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Battlefield

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Back when I used to be Indian
I am standing outside the
pool hall with my sister.
She strawberry blonde. Stale sweat
and beer through the
open door. A warrior leans on his stick,
fingers blue with chalk.
Another bends to shoot.
His braids brush the green
felt, swinging to the beat
of the jukebox. We move away.
Hank Williams falls again
in the backseat of a Cadillac.
I look back.
A wind off the distant hills lifts my shirt,
brings the scent
of wounded horses.



Mark Turcotte, “Battlefield” from Poetry (May 2000). Copyright © 2000 by Mark Turcotte. Reprinted with the permission of the author.
Source: The Poetry Anthology 1912-2002 (2002)

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This poem originally appeared in the May 2000 issue of Poetry magazine

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Battlefield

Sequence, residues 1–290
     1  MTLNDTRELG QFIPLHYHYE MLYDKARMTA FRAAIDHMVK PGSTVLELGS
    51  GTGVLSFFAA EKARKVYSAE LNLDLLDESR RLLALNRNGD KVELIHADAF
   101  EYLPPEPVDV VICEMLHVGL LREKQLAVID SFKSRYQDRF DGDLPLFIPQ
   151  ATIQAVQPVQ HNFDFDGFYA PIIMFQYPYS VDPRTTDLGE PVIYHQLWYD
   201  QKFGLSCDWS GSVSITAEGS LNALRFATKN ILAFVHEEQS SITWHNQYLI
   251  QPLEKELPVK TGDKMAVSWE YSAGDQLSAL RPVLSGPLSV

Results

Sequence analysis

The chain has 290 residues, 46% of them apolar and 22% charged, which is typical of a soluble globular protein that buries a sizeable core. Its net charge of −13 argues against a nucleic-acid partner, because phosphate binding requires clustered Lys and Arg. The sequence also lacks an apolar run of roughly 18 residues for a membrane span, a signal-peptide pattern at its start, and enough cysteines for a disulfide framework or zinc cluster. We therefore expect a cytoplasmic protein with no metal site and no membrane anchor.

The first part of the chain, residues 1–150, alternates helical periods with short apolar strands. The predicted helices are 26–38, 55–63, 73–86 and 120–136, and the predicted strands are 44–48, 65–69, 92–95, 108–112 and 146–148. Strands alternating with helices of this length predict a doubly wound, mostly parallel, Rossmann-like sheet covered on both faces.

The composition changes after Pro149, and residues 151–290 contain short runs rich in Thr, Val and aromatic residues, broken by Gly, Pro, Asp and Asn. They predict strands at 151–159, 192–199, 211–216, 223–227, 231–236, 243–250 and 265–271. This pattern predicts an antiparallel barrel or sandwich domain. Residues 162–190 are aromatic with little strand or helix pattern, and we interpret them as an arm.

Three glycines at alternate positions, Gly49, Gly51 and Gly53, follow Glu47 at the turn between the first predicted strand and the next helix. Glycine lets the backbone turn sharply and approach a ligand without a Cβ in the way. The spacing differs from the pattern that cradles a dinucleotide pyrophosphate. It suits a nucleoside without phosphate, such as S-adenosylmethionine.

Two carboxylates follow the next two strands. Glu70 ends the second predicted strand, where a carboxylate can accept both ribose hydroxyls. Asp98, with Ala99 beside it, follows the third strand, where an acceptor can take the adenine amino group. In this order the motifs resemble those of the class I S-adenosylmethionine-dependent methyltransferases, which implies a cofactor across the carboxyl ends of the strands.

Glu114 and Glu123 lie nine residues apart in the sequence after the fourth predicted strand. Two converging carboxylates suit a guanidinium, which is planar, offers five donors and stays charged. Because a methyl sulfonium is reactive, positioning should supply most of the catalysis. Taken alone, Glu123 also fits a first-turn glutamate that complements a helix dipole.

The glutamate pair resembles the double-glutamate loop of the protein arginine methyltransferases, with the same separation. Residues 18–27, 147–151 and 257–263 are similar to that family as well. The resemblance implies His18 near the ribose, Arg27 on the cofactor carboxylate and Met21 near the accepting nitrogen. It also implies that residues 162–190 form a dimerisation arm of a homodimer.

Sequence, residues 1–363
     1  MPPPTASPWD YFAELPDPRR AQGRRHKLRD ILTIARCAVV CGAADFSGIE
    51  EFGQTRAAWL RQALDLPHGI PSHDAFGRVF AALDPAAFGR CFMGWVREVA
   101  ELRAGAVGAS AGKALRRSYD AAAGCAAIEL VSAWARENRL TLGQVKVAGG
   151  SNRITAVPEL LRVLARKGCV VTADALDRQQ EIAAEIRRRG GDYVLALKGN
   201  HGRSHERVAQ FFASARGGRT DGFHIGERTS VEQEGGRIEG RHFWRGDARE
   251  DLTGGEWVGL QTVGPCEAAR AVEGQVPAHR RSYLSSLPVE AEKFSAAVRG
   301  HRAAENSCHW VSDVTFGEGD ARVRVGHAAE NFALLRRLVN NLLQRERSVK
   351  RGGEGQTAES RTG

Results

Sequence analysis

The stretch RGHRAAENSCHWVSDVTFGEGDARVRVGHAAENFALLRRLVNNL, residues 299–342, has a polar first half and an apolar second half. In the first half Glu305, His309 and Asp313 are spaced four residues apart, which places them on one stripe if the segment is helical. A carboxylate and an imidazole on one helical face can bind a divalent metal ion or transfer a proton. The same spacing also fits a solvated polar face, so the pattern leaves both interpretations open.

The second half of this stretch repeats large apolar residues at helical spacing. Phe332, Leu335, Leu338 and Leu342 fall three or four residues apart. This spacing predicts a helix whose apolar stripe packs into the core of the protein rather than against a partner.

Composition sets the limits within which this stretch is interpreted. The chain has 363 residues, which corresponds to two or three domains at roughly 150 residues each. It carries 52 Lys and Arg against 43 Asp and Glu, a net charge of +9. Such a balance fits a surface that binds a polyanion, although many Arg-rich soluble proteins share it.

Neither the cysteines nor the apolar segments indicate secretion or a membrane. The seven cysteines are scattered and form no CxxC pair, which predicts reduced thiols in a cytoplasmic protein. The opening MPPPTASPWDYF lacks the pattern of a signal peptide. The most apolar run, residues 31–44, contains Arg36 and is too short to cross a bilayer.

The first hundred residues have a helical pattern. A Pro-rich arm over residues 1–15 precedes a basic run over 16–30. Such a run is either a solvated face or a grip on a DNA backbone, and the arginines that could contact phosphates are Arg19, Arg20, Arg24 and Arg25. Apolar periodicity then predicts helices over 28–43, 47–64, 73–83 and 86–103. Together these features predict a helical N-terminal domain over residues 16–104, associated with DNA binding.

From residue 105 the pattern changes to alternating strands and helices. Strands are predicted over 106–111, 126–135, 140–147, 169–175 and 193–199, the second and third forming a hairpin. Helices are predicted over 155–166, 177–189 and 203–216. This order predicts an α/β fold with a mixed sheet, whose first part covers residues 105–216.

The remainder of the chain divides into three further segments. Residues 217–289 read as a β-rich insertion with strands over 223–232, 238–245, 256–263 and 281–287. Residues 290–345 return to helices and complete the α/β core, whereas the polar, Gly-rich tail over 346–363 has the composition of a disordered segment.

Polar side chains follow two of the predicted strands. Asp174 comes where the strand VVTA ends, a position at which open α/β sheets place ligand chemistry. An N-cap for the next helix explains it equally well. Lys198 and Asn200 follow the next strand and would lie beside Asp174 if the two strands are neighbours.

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  • Mark Turcotte was raised on North Dakota's Turtle Mountain Chippewa Reservation. After attending school in Lansing, Michigan, he lived on the road for nearly 15 years. Turcotte moved to Chicago in 1993, where his literary career was given a boost by Illinois Poet Laureate, Gwendolyn Brooks, who awarded him the first Gwendolyn Brooks Open-mic Poetry Award and named him a Significant Illinois Poet. Much of Turcotte's work deals with his personal experience straddling the line between the cultures of natives and whites. He reveals the harsh truths of prejudice and emphasizes the importance of knowing one's cultural heritage.

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